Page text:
“Ballard had the right idea,” he said. “The four barriers for schools are that they’re not aware of why robotics is valuable and important in education, so we worked on getting that message out; they don’t have extra money for a new robotics program, so we provided funds and materials for first two years; they don’t know how to start or lead a robotics team, so we trained the educators to be robotics team coaches for the first two years a school participated; and they need to be supported when they first start out, so we were available to help them at any time for first two years.”

When the statewide program launched, he said, “we had ambitious goals,” referring to his colleague, TPF4Y Director of Operations Brei Cecil-Satchwell. “At that time, Indiana had 70 elementary school robotics teams. We wanted to start 300 teams our first year.”

The foundation raised enough funds to award 300 grants for equipment costs that first year. Each grant paid for the initial robot kit, about $329, plus the extra parts add-on kit for about $150, the robot “field” where the competition challenges take place for about $300, and the cost to register for competitions at $150. All the equipment covered by a TPF4Y grant is reusable from year to year.

The robotics team start-up grants did not cover the game elements set, which changes each year and is specific to the competition challenge established by REC Foundation, the organizer or “host” of VEX Robotics competitions worldwide.

“The game elements set was kind of their skin in the game, so they felt ownership and felt invested,” Giltner said. A game elements set runs about $120.

How the Indiana State Robotics Initiative Is Unique

The nod to Ballard’s perspective on the barriers schools face showed up in TPF4Y’s statewide strategy to provide not just equipment funds but also educator training and educator support — they intentionally built an environment of “sharing and helping” among teams and coaches, Giltner said. This turned out to be key to the program’s explosive growth.

Resources for Starting a K–12 Robotics Program

“We created a network for teachers in the program through a private FB group — just for elementary robotics coaches — and they really began to support each other, sharing and collaborating and asking questions,” he recounted. “Robotics is not like athletics where coaches don’t share playbooks. We created a warm, inviting, collaborative environment among the robotics coaches in Indiana.”

In the VEX Robotics competitions, Giltner explained, each team is paired with a team from a different school and region.

“You don’t know who you’ll be paired with till you get to the competition; at state competition you’ve got students from urban and rural schools coming together and at the international championship, you’ve got people from different parts of world speaking different languages — and they have to quickly how to communicate and play with one another and work together to advance their robot in the competition,” he said.

“In athletics, you don’t play with other teams, you’re there to beat them. In robotics, you want to work together with another team because your points total together.”

The foundation’s strategy called for them to focus on helping elementary schools get into robotics the first two years, then expand their focus to middle schools for two years, and then high schools, Giltner said.

The first year, TPF4Y expected to see 300 new elementary school teams start up because it had awarded that many grants. What happened next exceeded their highest hopes.

“It grew much faster than we expected because we didn’t realize schools that used a grant to start their first team were seeing a lot more students interested than one team can handle,” Giltner said. “One robotics kit allows for six to eight students to actively participate and get their hands on the robot. But a lot of schools were buying a second kit and forming a second team. We had some schools the first year that ended up buying nine kits and forming 10 teams their first year!”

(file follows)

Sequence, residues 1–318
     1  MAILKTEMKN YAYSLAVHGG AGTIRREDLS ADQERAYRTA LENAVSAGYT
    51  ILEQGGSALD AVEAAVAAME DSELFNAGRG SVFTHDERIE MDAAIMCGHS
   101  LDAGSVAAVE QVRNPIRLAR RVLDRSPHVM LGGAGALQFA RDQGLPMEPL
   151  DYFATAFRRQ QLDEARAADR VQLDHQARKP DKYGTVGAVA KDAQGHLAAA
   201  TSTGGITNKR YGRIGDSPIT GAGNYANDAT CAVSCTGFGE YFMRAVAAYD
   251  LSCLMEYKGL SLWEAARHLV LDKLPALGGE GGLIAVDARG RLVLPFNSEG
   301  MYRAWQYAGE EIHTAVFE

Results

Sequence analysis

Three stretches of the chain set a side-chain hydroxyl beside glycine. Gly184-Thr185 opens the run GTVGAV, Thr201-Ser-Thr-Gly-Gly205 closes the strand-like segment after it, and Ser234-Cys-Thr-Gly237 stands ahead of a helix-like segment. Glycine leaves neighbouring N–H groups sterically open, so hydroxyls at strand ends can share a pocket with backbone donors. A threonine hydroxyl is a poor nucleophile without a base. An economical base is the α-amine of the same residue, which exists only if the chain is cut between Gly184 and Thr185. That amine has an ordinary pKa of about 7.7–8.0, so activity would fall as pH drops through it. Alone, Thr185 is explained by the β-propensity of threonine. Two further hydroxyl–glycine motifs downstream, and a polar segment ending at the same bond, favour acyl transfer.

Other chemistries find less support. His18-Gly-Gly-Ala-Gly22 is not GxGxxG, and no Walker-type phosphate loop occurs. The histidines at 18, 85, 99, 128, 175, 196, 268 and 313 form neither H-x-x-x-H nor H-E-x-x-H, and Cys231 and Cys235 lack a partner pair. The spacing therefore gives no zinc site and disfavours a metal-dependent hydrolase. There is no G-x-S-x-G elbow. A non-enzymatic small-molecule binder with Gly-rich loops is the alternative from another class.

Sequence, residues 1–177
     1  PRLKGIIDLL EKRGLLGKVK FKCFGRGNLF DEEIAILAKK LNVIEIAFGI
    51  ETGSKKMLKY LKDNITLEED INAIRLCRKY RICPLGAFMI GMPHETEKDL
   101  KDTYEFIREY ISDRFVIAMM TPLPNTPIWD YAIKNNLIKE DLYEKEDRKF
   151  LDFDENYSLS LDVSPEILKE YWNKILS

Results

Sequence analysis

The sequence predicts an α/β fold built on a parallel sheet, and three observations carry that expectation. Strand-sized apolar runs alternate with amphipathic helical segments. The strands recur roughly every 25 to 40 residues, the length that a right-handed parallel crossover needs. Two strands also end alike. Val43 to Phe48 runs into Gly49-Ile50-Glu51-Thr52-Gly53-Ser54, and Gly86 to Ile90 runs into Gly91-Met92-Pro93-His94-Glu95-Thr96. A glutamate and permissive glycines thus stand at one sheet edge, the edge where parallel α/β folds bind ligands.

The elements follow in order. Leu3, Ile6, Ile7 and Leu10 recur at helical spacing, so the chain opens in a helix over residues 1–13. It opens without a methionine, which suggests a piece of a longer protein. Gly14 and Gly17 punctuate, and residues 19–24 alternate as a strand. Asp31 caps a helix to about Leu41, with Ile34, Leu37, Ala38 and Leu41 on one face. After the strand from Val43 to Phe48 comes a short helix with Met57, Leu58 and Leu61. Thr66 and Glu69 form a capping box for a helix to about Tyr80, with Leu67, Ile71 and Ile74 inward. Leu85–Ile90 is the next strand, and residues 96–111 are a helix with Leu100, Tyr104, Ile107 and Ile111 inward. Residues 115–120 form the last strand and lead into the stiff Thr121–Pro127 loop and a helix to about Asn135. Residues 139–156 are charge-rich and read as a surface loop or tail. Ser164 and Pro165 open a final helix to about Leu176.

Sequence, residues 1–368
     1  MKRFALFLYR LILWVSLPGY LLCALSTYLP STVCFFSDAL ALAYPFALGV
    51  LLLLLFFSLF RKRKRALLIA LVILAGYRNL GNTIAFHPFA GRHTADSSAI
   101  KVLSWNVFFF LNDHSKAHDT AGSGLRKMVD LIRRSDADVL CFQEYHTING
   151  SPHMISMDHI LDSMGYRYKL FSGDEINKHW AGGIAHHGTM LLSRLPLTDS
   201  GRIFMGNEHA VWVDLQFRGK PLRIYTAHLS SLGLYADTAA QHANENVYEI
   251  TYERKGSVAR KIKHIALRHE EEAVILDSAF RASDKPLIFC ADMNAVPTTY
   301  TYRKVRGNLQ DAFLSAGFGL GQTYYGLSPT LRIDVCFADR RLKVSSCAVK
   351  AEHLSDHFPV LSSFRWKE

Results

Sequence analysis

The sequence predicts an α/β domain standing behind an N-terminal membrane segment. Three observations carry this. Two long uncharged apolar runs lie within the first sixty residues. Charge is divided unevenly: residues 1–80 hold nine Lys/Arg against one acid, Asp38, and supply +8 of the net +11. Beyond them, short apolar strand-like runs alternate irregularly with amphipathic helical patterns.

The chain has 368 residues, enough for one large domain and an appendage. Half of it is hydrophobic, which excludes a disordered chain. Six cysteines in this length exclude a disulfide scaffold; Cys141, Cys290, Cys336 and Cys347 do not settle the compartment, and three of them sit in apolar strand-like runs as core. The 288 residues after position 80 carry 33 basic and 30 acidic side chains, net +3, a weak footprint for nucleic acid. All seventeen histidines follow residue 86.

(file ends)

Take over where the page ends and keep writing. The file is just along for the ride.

The first year of the Indiana State Robotics Initiative resulted in the launch of 518 new elementary school robotics teams — more than most states have today. The second year saw that total nearly double, with 920 elementary school robotics teams across Indiana.

In 2018–19, the initiative expanded its focus to the middle school level; there were 123 middle school teams already operating at that time, Giltner said. By the end of the school year, there were 451.

By early 2020, Indiana boasted over 2,100 K–12 robotics teams — a 430% increase in less than four years.

COVID-19 put a damper on the state robotics initiative’s push to expand in high schools, but efforts continue, and in 2021–22, Indiana schools fielded 1,500 robotics teams, according to TPF4Y’s annual report. More than 2,000 teams are expected to participate this school year.

Giltner believes the start-up funding helped grow the program, but the built-in support network for educators has had the biggest impact.

And for schools outside of Indiana, there is a network of support resources and start-up funding: the REC Foundation, which continues growing and is now rolling out new drone competition programs as well.

“The REC Foundation is like NFL of school robotics; they have regional support managers who can support new teams and are usually aware of grant funds available in each state,” Giltner said. “What they don’t do is train the educators to be team coaches. We’ve seen firsthand the importance of that element: getting teachers into the right mindset on why they should be a robotics coach, and why robotics is so transformational.

“This is not about building robots, and it is not about competing — it’s about transforming students’ way of thinking, teaching them to be better problem-solvers and troubleshooters,” he said. “A lot of recruiters will tell you the best skill transferable to any field is knowing how to be a problem-solver, how to overcome failure, how to collaborate to solve a problem. In robotics, that problem is how to fix their robot to complete the challenge and hopefully win the competition. But it’s much bigger than the robot or the competition.”